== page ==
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About time

Although I am only posting this at midday, I wrote most of it at three o’clock this morning.

I did this because I am now suffering from severe Ashes Lag (The Horror! The Horror!), and also because it is in the spirit of the news I am passing on, which is that soon, London will be experiencing (no doubt some would prefer to make that “enduring”) all night underground train service at weekends:

For better or worse, London is on the way to becoming a city that never sleeps, leaving other British cities even further behind.

Not the District Line, though. That’s one of the lines I often use late at night, and I would have liked that one also to be going round the clock. The other line I use, but less often late at night, is the Victoria, which will be all round the clock at the weekend.

But this is only a start. And it is only at the weekend. What has long puzzled me is why London has not, for the last several decades, been a city that never sleeps, but is instead only groping slowly towards one day becoming such a city. London always comes near the top of those lists of the world’s greatest cities, yet for much of the time London is almost entirely asleep, unlike one, in particular, of its most famous rivals (immediate music warning – don’t click on that if you wish to go on listening to something else). All that frighteningly expensive office space, basically doing nothing for about a third to a half of every day, and nothing at all at the weekends, since for ever. Why? Modern electronics means that there is always someone wide awake to be doing business with, somewhere in the world. So, why no big night shift activity in the City? It can’t take all night just to keep those places clean.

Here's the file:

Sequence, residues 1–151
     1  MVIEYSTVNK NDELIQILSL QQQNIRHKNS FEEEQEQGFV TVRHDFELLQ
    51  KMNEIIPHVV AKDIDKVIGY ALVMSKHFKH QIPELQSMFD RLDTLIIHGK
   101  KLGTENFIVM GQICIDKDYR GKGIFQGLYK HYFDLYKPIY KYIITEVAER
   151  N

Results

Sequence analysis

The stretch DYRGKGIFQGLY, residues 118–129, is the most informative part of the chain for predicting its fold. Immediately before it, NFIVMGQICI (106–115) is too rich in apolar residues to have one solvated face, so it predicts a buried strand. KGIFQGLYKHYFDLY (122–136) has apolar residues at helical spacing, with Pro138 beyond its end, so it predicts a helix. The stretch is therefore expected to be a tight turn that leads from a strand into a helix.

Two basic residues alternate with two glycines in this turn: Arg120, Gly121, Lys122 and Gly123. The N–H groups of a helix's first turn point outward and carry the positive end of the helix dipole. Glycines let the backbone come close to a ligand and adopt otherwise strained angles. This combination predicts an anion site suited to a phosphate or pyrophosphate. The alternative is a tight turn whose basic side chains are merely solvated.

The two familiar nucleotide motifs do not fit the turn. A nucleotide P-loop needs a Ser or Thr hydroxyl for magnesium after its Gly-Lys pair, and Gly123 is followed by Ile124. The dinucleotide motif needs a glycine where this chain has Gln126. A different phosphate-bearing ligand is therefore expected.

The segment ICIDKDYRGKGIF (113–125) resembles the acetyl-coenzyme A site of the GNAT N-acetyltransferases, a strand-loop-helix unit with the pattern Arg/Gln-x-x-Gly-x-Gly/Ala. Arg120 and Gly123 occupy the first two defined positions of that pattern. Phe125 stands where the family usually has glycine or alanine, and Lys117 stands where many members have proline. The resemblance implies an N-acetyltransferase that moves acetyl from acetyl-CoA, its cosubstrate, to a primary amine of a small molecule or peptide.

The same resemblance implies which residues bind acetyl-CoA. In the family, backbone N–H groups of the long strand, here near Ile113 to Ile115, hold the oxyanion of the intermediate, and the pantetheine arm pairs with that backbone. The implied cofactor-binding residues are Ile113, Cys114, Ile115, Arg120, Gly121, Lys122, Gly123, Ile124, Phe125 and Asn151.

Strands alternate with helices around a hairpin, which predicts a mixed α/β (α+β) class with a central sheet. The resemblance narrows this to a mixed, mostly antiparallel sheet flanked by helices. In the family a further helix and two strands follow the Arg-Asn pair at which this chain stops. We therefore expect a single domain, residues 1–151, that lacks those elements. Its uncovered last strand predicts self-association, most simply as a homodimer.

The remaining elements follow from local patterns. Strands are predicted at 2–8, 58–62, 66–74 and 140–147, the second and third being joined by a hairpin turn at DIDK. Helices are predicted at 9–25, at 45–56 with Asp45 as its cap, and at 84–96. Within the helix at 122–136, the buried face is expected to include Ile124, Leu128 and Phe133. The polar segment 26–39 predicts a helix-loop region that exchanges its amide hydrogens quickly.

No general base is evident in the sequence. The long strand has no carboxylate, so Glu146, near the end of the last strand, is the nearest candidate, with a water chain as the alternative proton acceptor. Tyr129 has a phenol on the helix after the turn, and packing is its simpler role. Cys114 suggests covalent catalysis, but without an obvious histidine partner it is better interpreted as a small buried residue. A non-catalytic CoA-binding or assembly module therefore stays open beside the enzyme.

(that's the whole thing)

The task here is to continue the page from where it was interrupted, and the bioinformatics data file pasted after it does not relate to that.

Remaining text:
Maybe there is lots of City of London night shifting going on already, and I merely haven’t been told about it. After all, night shifters mostly only need transport when they start and when they finish, which they already have. I can see why they are starting this at the weekend, for people for whom the difference between getting home at 4 am rather than at 8 am is all the difference.

Talking of London staying awake all night, there was a time, in about 1941, when a lot of it did just that, for quite a while. This was when London Pride got itself written. Take that, Sinatra. Someone (can’t find who – anyone know?) once said something like: there are many more tunes to be written in C major. I don’t know the key of London Pride, but it is one of my favourite tunes ever, and it always makes me think of that remark.

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13 comments to About time